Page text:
Location: GTNP, Avalanche Canyon, Nez Perce/Cloudveil Dome
Elevation: 11,493′, 5,656′ gain/loss
Distance: 16 miles RT
Difficulty: 4 stars
Time: 7-9 hours
Snow Conditions: Powder, caulk, loose sluff, sun/wind crust 12″ below snow
With some light snow falling over the past couple days and a little more forecasted for Saturday: Dane, Tristan and I set out for a line we have been talking about for a couple years. The Nugget Couloir, or just simply the Nugget is a technical ski line on the southern wall of Avalanche Canyon. It terminates at a huge “chokestone” that can only be surpassed via rappel, or a 60′ air (which I don’t believe has happened).
With the objective set and snow flurrying, we set out from Bradley/Taggart at 6:40am. It was fairly warm to start out and we were quickly shedding some layers on the way to Bradley Lake. We crossed the lake (which has an ice depth of 5″) as twilight began to take affect on the morning.
We made quick work of the first few thousand feet up Garnett, only having a few issues with the track on some steep sections. As we approached the Caves in Garnett Canyon, we were greeted with an arctic chill. The wind was whipping around the canyon with a ferocity that I can’t recall in the past. We put our layers on, but we were a little sweaty from the warm walk up so it didn’t do much good. Regardless, we trudged on through the Meadows and into the South Fork of Garnett.
We made our way past the apron of the Hourglass’, which was looking a little thin, and continued up above the steep section of the South Fork that is a mini waterfall in the summer. Here we noticed some cracking in the newly deposited snow, but there was no movement, so we continued on.
From here, we worked our way up the canyon in the direction you would to climb the South or Middle Teton in the summer. After gaining the bench at about 10,500′, we started working our way left towards the col between Nez Perce and Cloudveil Dome. That is the start of the line, but we had a ways to go until we were skiing….
We worked our way up and into the couloir that ended at the col we were headed for. The snow was soft and deep here and we were a little concerned about skinning to the top, so we switched over to bootpack mode for the remainder of the climb. It did get fairly steep towards the top and while we were on the lookout for snow activity, we didn’t see any. We topped out at 5hrs, into intermittent sun and a lashing wind.
We quickly got geared up in harnesses and all our warm clothing in the howling wind and had a look at the line. It looked a little thin up top, but lower down it looked to be holding some goods, so we had a quick talk about how to ski the top section and had a rip.
While we were on high alert for movement, we only saw some small wind slabs and loose sluff here. We made our way down the first pitch, dodging a few rocks here and there, eventually traversing left to the tight middle section. Here, we were a little concerned because there was a large hanging snow field above the tight section. We decided on a few safe ski cuts, but we could not mitigate the skiers left side of the bowl. We assumed that the snow would move, but mainly low energy slabs. I skied down into the bowl and stopped below some rocks, only kicking off one small wind slab. Dane and Trist stomped around near some rocks and finally were able to get something to move that ran down into the narrow section. This made us feel a little better and decided that dane and Trist should ski down the path of the small “slabalanche”.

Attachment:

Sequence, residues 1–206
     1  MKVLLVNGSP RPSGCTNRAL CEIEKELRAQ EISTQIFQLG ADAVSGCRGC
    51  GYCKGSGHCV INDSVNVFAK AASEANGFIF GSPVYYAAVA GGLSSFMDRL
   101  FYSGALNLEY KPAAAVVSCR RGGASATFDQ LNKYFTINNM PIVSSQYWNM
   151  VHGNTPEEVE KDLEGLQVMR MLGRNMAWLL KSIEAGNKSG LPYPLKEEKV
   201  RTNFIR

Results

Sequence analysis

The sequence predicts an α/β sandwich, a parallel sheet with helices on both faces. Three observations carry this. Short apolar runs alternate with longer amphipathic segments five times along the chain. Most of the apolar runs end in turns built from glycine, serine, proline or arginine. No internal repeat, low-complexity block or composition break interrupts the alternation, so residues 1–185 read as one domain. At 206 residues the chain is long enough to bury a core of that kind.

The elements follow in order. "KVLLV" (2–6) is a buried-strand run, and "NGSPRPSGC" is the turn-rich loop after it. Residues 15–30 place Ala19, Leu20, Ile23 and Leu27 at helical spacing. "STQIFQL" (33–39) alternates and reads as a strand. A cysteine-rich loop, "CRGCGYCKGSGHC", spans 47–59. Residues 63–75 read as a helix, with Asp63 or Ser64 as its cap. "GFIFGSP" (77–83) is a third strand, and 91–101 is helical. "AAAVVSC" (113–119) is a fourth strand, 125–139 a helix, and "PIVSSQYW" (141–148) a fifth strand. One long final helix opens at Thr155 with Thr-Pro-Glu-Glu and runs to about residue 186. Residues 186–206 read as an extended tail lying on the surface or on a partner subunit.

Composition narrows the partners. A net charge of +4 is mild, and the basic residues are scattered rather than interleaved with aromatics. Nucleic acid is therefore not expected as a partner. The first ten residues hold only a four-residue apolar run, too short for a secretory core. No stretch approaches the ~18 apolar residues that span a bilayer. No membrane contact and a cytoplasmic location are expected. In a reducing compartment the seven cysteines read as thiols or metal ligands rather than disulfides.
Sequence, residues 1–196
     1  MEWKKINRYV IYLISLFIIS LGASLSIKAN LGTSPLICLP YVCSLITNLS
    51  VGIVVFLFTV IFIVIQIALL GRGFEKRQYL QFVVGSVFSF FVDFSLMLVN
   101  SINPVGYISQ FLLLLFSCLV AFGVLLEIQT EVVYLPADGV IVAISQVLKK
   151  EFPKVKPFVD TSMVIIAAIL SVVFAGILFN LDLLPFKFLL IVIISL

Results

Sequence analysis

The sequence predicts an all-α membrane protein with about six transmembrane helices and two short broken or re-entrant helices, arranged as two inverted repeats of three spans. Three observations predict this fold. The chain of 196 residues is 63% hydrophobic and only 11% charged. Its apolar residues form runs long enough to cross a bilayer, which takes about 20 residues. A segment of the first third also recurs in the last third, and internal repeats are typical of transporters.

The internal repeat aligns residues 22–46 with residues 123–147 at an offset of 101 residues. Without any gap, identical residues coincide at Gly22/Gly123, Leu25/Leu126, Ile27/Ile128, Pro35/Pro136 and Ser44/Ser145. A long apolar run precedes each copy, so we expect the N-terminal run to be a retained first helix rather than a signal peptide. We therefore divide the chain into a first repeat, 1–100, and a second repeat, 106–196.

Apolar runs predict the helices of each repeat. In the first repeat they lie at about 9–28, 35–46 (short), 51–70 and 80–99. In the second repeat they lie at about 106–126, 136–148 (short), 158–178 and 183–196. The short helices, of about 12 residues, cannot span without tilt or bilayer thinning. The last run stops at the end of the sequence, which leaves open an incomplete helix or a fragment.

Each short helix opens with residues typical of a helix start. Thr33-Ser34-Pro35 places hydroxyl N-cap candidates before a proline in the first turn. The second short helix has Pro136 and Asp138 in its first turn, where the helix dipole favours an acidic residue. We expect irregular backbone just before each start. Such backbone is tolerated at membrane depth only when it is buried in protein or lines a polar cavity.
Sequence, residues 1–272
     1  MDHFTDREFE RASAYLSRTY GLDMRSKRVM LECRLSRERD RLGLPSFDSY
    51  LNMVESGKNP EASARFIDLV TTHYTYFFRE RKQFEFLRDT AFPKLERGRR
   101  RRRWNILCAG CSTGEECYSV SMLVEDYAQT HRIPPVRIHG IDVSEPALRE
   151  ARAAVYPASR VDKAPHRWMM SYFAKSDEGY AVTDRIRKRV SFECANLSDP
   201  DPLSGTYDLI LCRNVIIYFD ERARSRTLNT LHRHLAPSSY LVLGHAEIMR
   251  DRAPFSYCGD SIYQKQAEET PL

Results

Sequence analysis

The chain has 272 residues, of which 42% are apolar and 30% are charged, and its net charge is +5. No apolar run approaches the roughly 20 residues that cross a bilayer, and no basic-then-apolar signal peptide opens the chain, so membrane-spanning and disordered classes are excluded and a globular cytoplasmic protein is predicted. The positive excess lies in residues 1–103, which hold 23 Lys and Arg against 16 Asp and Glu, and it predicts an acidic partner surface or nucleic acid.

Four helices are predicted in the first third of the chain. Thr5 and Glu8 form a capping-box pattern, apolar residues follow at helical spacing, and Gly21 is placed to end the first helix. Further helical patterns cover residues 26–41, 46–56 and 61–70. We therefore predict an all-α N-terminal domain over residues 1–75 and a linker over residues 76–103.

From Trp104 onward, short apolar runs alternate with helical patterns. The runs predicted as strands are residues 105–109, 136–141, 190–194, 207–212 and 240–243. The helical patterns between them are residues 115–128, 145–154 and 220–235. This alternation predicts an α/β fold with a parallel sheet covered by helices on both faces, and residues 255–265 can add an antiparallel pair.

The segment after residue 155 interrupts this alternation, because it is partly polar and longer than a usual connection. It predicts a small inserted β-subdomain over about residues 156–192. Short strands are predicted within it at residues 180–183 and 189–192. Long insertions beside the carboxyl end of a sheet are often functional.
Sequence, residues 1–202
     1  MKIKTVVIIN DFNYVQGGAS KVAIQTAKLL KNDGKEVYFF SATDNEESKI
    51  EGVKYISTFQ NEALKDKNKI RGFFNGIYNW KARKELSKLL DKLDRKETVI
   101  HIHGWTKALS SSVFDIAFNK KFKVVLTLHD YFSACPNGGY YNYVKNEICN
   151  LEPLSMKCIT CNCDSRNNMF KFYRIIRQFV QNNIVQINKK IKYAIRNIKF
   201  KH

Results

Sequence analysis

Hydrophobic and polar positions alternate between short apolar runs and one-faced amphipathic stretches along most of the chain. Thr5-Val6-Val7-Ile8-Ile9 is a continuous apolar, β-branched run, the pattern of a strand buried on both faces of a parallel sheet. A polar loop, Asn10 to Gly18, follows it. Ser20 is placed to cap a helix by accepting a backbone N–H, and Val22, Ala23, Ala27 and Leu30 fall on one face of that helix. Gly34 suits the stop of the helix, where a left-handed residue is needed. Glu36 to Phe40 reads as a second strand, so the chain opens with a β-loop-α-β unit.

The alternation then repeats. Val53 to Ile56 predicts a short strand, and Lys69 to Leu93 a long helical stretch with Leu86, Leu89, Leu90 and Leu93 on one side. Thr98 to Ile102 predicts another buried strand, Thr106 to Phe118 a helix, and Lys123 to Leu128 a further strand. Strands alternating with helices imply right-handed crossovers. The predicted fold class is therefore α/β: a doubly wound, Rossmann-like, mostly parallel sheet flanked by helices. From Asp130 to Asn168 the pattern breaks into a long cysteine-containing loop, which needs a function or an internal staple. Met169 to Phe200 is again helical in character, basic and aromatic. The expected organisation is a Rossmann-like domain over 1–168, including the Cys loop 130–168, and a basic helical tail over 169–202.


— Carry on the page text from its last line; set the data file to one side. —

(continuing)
While we were a little tentative, these turns were top notch! We made our way down into the narrow section and decided on how to proceed. It looked like there was some constriction/bulge halfway down, so we decided to ski down to that and have a look.
From here, Tristan skied down to the bulge and found a way through on the right. He made his way down for a little bit after and pulled off and waited for us to make our way through the constriction.
After this, we knew it was powder skiing all the way to the rappel. It stayed a little tight for 500′, then opened up to the huge snowfield above the chockstone. We skied it in several sections, milking the turns and enjoying the exposure that was below us.
Near the end of the run and the 60′ drop, we grouped up and talked about how we wanted to approach the rappel. We had heard that the anchor was on the skiers right of the rock, but couldn’t be sure. Since I had the rope, I gingerly skied down to the rock and looked right. After a little while, I saw a cord that I assumed was the anchor. I quickly cut across an open slope and came upon the anchor about 30′ from the chockstone.
I clipped into the anchor and dug around a bit for the end while the others skied down. I went down 3′ and only found what looked to be the carabiners to rappel off, but there was another cord running from that into the snow. While we couldn’t be sure, we figured it was anchored to the wall as a backup. We felt good about it and threw out our 70m rope and rappelled off down into the unknown. We assumed that the rope would reach, but you never know. Thankfully there was about 20′ of rope to spare (I’d bring a 70m if possible, but a 60m would probably work) and we all made it down without issue.
We were pumped! This had been a line on our minds for years and we finally skied it, in POW no less. We ate some much needed food and then skied down to the traverse out of Avalanche Canyon-still finding some solid powder down low.
We pulled into the trailhead at 8hrs 15min, tired and happy. It was a great day and one I won’t forget for a while…!